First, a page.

Tuesday, July 17, 2012

June light

With this title I don't mean that June is like a soft drink without sugar. I mean it in photographic terms. It seems that every season - every month even - has its share of unique lighting that begs to be chased.
In addition, different times of day require different ways of looking for motifs.
One evening I stuck my head out the door after dinner as I usually do - to check out the light - and saw some awesome clouds forming in the North. I dropped the dishtowel and grabbed my camera. I knew I didn't have much time because colors as beautiful as these change quickly. Some neighbors were standing out on their balcony having a smoke and enjoying the scene, so I asked them if I could take a picture of them.
By the way, I learned that bit of wisdom from Jim Palik, who told me, "When you have a sky like that, put something in front of it and make some good pictures!"
By the time I had walked up to the street behind our house to get a panoramic shot of East Stuttgart, the magic was gone for that evening. Sometimes there's just nothing as depressing as boring light!

A few days later, I headed out of the house in the evening, not having had time to do much photography the previous week and just itching to make some pictures. I figured I'd make the best of  the last rays of evening light.
Walking down to the footbridge over the Neckar River, I started doing double exposures by simply shifting my camera mid-shutter from one scene to the next. Then I realized that with my white balance set to a cool temperature, the street lights and the dark blue of the evening sky formed perfect contrasting colors.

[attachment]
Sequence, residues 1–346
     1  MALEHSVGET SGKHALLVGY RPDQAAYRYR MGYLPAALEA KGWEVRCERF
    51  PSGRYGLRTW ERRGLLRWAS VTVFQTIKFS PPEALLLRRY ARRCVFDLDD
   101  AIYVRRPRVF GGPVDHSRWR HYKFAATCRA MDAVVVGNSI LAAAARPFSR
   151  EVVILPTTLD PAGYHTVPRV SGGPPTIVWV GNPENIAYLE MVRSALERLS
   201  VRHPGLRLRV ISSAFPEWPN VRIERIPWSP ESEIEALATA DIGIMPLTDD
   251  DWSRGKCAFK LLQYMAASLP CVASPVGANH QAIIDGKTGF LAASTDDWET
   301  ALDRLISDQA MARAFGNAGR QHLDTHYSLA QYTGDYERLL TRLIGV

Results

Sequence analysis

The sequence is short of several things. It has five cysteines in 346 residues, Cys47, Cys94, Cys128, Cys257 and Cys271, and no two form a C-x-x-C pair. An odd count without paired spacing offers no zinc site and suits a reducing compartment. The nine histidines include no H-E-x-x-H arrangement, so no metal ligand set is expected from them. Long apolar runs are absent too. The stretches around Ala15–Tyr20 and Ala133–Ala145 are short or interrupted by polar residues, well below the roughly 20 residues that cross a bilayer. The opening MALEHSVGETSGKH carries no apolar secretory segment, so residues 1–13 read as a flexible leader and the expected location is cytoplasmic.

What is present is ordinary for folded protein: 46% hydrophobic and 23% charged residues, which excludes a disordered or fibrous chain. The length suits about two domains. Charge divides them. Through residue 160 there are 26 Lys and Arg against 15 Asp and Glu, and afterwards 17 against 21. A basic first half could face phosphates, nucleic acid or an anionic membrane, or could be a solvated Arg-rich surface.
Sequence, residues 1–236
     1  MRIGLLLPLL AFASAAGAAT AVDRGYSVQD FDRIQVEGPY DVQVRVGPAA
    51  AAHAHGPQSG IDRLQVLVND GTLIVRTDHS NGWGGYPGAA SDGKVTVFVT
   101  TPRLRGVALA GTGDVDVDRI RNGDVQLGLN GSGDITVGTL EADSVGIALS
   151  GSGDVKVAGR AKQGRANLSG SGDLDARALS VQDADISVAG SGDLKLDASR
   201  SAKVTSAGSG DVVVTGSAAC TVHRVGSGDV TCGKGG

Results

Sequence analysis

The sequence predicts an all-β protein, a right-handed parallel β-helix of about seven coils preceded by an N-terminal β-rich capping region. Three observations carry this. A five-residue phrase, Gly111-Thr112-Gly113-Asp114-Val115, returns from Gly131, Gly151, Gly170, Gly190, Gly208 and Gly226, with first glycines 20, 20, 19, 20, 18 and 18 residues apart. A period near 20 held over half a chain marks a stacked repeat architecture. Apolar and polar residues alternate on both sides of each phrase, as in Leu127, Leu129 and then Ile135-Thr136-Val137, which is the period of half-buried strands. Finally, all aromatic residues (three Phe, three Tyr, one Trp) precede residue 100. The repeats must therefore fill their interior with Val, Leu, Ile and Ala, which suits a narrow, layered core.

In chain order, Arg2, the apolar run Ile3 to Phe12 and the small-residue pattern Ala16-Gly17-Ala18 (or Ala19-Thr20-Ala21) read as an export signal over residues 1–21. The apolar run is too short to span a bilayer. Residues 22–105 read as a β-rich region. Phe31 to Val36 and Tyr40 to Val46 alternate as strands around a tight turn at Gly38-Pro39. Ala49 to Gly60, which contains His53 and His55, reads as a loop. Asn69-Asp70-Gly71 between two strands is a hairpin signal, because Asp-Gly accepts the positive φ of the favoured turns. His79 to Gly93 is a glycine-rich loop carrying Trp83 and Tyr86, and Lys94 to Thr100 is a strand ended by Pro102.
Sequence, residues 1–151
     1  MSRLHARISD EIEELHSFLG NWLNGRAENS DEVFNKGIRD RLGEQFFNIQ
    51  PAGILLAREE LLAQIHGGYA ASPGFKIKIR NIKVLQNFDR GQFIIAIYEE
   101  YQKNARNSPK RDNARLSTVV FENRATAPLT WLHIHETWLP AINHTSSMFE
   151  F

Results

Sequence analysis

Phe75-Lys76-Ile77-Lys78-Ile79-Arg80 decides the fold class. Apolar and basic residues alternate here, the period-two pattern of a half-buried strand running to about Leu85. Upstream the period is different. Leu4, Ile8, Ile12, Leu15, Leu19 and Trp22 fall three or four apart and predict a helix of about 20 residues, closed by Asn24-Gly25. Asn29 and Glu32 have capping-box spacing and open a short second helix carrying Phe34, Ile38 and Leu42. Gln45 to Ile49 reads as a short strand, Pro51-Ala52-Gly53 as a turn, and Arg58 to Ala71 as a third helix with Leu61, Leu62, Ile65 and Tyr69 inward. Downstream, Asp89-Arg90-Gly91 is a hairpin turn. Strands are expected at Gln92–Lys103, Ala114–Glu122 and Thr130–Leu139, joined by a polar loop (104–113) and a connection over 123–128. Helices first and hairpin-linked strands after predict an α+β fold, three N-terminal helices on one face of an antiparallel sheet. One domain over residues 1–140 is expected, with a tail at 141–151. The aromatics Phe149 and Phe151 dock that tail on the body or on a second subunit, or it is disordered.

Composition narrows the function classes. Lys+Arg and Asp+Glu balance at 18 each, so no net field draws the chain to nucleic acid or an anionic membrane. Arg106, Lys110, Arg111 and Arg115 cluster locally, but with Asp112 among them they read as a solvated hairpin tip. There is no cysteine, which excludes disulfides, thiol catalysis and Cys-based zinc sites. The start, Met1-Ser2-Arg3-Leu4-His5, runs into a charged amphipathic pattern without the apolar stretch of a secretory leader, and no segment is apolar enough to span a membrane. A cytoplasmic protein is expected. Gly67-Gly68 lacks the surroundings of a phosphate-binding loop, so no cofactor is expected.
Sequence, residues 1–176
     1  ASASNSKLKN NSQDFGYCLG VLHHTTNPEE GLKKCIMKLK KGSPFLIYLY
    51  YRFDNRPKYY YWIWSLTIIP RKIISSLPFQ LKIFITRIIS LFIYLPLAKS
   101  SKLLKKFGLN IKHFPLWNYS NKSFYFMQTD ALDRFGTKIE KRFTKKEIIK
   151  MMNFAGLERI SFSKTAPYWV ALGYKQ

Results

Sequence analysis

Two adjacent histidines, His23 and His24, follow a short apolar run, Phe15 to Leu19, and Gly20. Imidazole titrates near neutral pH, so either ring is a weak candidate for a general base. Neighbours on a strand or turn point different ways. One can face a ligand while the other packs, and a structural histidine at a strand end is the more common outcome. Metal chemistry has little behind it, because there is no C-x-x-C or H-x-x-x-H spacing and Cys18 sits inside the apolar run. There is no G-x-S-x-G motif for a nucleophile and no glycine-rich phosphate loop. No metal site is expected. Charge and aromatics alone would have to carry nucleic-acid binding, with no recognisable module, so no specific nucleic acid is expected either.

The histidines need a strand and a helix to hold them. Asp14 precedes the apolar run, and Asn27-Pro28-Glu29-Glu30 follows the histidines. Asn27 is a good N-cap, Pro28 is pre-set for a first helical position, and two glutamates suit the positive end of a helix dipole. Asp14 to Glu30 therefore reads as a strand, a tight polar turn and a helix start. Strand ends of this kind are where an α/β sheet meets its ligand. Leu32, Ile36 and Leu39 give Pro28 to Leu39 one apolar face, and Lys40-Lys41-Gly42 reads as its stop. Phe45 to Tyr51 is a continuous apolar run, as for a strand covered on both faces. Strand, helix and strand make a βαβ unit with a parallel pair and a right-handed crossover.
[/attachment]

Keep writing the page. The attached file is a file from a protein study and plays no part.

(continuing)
Tilting the camera to a 90° angle resulted in swooping lines and alien-looking landscapes. Some DSLRs can create multiple exposures in-camera, as you could back in the analog days. With the Sony Alpha line, you have to get creative.

Swirling the camera around also created some very interesting pictures.

As I was heading back home, I tried my hand at a minimalistic shot. Minimalism in photography is not so easy when living in a large city. If you travel to the Arctic or live near the sea, it is probably easier. This time I moved the camera back and forth but the light source was the monochrome reflection of a streetlight on a huge heating pipe.

As June came to an end, the thunderstorms hit. One evening I watched - and photographed - the spectacle from my front porch for 45 minutes. At first, my eight-second exposures just missed the flashes of lightning. Then I got in the groove and captured some nice shots.

It really doesn't get much better than this for June light!


  1. Jim, really wonderful pictures and always inspiring! Thank you!! Christian

  2. wonderful work -and the script ready fine as well -( am I envious ? )